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I don't have time to write or think in any detail about this at the moment but brief responses to Elsevier withdrawing support for the Research Works Act.

1. The bill is dead. Essentially no-one else was supporting this bill. The AAP was working closely with senior Elsevier people and there was essentially zero engagement from anyone else. Apart from the Ecological Society of Amercia, no other AAP member or any other publishers supported the bill. For Elsevier to back down a deal must have been done to allow Maloney and Issa to save face.

2. This is a backdown, not a change of heart. The statement says very clearly that Elsevier will continue to oppose mandates. They distinguish at some level between government mandates and "working with funders" but Elsevier's current practice is to consistently make life difficult and/or expensive wherever a mandate is applied, whether by government, funder, or by an institution. Senior Management at Elsevier believe that this is a principled position. I believe that is wrong-headed and tactically and strategically inept, but it seems unlikely that the position is likely to shift.

3. With no change of heart there will be no swing behind FRPAA. This is a tactical withdrawal to enable a more coherent publisher coalition to be built to oppose FRPAA. The AAP will do so strongly, along (probably) with Springer, Wiley-Blackwell, and a range of society publishers. Key questions are which way will Nature Publishing Group and the AAAS come out given they have given strong support to the NIH mandate. Remember that Issa is chair of the committee where FRPAA is currently lodged.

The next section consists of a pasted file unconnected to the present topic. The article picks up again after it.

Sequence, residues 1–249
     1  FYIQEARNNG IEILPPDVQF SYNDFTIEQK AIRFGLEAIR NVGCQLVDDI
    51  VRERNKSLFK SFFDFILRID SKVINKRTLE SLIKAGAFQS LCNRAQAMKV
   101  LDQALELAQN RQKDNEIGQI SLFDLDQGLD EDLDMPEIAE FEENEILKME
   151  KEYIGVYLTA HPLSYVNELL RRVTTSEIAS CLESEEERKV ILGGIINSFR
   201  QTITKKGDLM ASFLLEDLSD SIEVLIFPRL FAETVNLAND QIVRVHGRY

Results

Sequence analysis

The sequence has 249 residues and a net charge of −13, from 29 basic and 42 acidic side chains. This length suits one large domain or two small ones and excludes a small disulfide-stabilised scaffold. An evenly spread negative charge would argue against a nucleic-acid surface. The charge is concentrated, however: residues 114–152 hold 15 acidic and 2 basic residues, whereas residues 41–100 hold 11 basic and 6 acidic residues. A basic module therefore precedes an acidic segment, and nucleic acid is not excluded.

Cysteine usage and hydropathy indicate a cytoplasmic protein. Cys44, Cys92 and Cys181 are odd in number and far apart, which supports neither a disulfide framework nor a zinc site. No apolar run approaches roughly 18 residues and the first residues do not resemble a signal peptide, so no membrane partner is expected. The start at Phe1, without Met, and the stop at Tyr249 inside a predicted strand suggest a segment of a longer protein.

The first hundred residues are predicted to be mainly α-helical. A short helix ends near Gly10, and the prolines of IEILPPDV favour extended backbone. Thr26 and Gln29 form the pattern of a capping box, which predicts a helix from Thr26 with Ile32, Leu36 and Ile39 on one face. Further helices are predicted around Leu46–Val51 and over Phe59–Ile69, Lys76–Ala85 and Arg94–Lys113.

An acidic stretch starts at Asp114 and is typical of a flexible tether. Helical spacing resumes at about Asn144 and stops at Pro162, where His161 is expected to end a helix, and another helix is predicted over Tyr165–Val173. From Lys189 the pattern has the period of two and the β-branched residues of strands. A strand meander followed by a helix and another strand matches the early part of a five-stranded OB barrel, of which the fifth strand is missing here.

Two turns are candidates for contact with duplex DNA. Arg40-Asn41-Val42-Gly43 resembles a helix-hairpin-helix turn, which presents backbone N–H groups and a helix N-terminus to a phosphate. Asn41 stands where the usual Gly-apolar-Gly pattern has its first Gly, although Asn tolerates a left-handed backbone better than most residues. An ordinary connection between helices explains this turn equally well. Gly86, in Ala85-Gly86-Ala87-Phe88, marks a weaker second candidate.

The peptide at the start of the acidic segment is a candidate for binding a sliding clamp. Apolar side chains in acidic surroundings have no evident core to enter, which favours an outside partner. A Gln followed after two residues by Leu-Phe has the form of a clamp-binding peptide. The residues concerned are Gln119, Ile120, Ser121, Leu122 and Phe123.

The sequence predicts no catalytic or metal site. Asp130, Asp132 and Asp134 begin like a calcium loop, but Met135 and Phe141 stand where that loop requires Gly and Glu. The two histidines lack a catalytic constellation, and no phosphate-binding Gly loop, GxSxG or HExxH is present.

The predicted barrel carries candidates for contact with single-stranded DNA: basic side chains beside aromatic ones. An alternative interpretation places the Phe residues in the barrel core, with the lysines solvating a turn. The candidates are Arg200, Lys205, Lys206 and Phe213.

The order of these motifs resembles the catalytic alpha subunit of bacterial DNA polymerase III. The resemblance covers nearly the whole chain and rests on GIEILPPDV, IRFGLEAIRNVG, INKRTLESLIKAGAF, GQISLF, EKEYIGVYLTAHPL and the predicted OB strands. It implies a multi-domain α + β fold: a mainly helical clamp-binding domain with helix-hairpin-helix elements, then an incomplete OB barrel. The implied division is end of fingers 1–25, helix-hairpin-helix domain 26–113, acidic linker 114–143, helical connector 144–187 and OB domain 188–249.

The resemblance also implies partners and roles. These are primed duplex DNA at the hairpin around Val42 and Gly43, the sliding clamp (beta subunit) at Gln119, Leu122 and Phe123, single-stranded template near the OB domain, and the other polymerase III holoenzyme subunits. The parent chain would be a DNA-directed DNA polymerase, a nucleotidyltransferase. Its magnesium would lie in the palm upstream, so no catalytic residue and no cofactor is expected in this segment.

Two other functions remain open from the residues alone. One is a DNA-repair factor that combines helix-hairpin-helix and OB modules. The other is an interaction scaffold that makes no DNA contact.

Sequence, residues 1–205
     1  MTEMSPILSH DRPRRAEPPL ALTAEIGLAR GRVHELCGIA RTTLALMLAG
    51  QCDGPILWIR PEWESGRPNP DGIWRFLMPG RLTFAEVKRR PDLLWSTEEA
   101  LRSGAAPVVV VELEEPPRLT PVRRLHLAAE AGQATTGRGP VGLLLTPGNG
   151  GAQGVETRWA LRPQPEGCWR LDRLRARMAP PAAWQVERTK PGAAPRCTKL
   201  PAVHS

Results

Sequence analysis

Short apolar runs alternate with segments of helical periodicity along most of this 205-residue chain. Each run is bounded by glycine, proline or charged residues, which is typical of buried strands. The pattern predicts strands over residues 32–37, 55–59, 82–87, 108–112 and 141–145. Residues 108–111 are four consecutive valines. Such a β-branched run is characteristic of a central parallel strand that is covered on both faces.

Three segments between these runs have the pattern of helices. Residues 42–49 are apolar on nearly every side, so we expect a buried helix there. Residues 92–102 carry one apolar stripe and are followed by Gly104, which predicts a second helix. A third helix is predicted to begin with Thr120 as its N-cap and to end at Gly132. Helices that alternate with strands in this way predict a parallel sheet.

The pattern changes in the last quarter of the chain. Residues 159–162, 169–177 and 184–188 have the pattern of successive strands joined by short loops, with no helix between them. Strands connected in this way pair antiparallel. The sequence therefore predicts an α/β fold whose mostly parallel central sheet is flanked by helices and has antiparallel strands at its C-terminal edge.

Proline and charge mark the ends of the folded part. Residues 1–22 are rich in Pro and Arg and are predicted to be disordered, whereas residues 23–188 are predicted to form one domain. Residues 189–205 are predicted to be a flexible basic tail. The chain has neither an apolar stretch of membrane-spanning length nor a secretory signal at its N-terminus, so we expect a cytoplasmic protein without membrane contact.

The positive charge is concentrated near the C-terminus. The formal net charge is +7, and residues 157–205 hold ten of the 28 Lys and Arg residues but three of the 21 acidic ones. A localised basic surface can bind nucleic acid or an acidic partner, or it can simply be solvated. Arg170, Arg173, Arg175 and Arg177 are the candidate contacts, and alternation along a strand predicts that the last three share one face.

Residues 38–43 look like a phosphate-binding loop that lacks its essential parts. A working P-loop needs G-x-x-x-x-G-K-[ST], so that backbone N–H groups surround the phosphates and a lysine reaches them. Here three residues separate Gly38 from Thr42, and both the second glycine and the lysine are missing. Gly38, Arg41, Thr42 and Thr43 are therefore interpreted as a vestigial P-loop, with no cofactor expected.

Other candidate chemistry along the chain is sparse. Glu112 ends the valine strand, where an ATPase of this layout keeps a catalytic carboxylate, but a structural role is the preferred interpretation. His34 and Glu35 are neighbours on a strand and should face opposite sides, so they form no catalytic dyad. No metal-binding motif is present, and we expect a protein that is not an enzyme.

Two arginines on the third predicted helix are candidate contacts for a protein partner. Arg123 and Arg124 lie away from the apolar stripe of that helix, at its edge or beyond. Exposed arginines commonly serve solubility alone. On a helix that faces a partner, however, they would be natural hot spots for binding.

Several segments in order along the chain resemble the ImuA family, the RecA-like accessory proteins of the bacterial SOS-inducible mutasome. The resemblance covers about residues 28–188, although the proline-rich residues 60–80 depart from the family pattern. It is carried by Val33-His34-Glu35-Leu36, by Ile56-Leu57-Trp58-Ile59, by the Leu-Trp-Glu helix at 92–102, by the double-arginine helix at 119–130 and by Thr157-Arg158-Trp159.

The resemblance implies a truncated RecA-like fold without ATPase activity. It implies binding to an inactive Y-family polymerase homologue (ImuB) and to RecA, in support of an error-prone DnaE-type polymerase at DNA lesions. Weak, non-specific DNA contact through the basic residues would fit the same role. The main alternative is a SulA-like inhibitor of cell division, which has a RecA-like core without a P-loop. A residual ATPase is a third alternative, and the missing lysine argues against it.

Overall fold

4. Shifting from a negative campaign against something towards something positive will be hard. FRPAA should be a major target for support and a means of bringing the coalition closer together. In the UK the Finch report provides an opportunity for the significantly grown OA community to demand that its voice be heard. And in the moves towards Horizon 2020 in Europe and the development and implementation of policy for that there are also large opportunities. Time to move on from what we oppose to what we support - and to articulate clearly both what that is, and how we get there from here.
At Elsevier, we have always focused on serving the global research community and ensuring the best possible access to research publications and data. In recent weeks, our support for the Research Work...
Björn Brembs's profile photoBen Toth's profile photoJoseph Kraus's profile photo
In these two months of stalling, Elsevier made about 167 million in profits (for the 40k they spent on politicians). They can go on slowing us down like that almost indefinitely, if all we ever do is signing boycotts...
Just a question of when really - it would have been even more embarrassing to have been backing a bill that wasn't passed
I am going to continue to judge Elsevier based on their actions, not on what they say or what they look like. For example, I noticed they have a little orange OA symbol on their journal homepages such as, I think that is new. It is good that they felt some pressure from their authoring and reviewing community, but they still have not gotten the message. Will they ever?
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